Though thcj orijiii of this daily conflict on 10th St.
ha:. Ujun lost in obscurity, it has grown to Ixj a major
:,Krt for txth -cctdtor and participant.
The first few times you witness the spectacle, you
probably will spn-ij niost of your time watching the
pedestrian. It will lw Ip your appreciation of the sport
to be ac)iwintnrf wit'i n few of the pedestrian's
ftindamr; ' 1 -a e'lvr'i and
basically can !r.iJ d into
action" and "solo."
The main un-mise of nr.
hit us all." " ' f.l ii
muss," has dUiievew
stopped, the moving mass begins stretching out as
pedestrians walk at varying speeds. The result is a
chain of persons stretched the length of the street. It
particularly is effective if there is a reserve of persons
waiting to cross the street, thus lengthening the
period of obstruction.
Though not to spectacular, the "solo" has a
haunting artistry all its own. The contestant must rely
more on mental intimidation than on the
physicalmass intimidation of the group. The novice
two areas: group
rtion is, "You can't
hod, the "moving
international popularity in such
as Mexico City, Rome and
; rsnii'i tiunclnui, tip ul Ol",
numU-rs and (ourage inrr'MV
: rr (-",;" depends on
i .jiji: of the toad. As
the mass of humanity
, . .'', , the auto's
f.jled once it is forced
to a complete stop.
called the "sty moid ijuuei. ' uncc
the cars are
often uses simple ploys, such as pretending not to see
the charging auto, or the ever popular Big
Grin approach, which especially is effective with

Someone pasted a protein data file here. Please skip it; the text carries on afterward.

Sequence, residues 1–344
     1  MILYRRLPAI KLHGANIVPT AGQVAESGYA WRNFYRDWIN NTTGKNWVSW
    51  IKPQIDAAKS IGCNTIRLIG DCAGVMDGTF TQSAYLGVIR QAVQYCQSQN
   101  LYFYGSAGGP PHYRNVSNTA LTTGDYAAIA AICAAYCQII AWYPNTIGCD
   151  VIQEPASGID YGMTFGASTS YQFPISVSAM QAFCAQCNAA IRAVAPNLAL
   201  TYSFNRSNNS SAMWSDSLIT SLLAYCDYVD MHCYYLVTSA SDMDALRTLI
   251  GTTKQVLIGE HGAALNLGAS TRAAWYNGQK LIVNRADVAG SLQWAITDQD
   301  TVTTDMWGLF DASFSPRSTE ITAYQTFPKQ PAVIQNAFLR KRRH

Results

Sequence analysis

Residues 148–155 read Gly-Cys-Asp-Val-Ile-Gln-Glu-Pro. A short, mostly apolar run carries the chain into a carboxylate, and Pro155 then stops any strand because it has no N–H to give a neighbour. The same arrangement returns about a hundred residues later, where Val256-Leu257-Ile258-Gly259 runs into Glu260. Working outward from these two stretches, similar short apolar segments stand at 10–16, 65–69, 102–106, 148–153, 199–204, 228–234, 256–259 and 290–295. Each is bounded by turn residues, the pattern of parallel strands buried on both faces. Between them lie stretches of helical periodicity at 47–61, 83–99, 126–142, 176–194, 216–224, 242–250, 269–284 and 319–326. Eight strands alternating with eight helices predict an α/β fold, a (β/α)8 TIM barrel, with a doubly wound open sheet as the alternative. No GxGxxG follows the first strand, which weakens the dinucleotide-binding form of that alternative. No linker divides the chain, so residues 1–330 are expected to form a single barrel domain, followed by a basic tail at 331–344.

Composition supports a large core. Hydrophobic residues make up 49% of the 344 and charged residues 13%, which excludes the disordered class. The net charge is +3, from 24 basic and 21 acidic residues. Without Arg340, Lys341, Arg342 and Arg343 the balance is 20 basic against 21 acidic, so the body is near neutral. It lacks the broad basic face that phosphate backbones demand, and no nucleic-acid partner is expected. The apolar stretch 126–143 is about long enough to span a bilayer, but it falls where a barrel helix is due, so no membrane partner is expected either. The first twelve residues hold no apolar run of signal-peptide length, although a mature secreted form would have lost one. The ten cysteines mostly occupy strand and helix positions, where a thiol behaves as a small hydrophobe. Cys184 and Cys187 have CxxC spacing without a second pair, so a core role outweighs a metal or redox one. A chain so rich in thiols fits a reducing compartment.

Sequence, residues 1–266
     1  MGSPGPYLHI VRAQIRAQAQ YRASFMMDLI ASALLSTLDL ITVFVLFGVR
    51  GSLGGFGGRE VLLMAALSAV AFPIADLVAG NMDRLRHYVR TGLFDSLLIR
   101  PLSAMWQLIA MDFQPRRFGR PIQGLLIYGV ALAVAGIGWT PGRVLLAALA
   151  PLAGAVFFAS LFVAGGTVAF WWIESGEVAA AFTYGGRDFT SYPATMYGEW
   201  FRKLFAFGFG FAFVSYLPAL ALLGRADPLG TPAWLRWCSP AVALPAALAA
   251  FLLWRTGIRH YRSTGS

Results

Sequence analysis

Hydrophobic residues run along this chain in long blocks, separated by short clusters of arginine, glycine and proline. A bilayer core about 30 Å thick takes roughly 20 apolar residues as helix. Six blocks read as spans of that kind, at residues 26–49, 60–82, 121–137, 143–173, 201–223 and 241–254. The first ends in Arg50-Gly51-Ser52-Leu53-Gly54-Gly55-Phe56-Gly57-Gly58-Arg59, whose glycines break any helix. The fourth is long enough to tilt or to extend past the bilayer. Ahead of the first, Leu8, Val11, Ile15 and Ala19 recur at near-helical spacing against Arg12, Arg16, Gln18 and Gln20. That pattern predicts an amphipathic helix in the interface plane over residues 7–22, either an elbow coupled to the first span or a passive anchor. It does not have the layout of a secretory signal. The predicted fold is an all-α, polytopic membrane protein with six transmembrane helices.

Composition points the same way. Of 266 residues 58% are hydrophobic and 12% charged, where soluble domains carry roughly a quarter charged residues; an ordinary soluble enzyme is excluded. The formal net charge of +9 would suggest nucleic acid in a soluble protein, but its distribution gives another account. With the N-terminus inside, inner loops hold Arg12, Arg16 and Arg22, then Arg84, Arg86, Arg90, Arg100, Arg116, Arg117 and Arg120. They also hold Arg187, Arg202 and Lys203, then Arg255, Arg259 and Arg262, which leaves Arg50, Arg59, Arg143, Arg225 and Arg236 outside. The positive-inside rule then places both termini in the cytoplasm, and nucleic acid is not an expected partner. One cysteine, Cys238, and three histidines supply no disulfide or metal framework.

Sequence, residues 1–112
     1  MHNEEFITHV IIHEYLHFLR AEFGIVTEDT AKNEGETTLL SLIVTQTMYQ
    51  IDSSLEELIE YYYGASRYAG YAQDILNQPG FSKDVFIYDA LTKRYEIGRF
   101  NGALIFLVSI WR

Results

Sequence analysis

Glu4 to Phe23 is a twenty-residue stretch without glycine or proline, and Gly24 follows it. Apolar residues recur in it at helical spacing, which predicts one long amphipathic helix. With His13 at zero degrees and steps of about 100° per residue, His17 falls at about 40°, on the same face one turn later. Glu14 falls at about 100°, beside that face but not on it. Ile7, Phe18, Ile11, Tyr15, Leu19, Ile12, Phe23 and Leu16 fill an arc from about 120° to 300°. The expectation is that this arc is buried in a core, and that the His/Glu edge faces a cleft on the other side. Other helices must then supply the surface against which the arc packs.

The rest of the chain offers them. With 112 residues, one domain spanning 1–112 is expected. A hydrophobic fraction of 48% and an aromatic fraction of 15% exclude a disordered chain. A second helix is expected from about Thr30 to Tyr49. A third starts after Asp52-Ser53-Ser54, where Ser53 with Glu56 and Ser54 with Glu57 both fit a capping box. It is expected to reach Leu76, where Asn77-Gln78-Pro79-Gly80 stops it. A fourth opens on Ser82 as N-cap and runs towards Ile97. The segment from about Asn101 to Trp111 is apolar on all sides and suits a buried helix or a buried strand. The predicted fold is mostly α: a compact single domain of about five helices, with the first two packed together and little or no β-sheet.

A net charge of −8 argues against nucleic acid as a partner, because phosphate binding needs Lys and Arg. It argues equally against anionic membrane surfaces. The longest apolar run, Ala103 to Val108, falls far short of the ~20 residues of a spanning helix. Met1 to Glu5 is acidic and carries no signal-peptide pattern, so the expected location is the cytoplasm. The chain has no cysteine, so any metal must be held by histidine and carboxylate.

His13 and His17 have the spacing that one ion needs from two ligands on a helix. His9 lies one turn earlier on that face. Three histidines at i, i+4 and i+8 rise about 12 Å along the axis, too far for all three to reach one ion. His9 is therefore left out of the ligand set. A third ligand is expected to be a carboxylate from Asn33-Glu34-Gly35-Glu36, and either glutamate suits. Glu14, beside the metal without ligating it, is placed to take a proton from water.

A good soloist knows his km .. . i 1 1 , tin; numljcts of
lanes he must cross, tin; diiect'cn of traffic, how to
use the island and when to ihmmi. I hese ,iie not easy
lessons to learn, and thur.; a. .; few things more
pathetic than to see a young eh .,!. -, ji -i p.imc and run
from the field with the auto ,ji fir, her:!:,.
For those who (Jo make it past those first
harrowing days, the ultimate goal they aim for is the
perfection of the "slow walk." You will not soon
forget this pass if you ate lucky enough to see it done
well. It includes a slow step, head he-Id high defiantly,
and a cold, hauty stare straight at the oncoming car.
Yet this is not to say that man always wiu,or that
autOS are weaklings. Many ears are unbelievably
brave, and even the wisest ;;utofifjhter will step back
and let a dump truck pass. But the cars' bravery is
what makes mans' victory so much more glorious.
Some people tompl.jin ahom 10ih St. They say
it's not fair, that it's cruel to the ,iuto. But these
games are not meant to be a Ian r outest. Rattier, they
are a tragedy, with a picdestim-d outruns. The games
strengthen students both phy.r ,,n y ;in- mentally,
increasing their courage and sell confidence.
Yes, there has tx.-en talk of eliminating the games,
rerouting the 10th St. traffic t "te ting pedestrian
ramps. And to those who . idvor.it;.. -ticse solutions I
can only say: "Why, in our t'-nlc, humdium world,
would you contrive to rcmov M r. t,i ,r,t ),,.,ti()n ()f
courage and bravery;'"
pi'.'iiibnr 24, 1973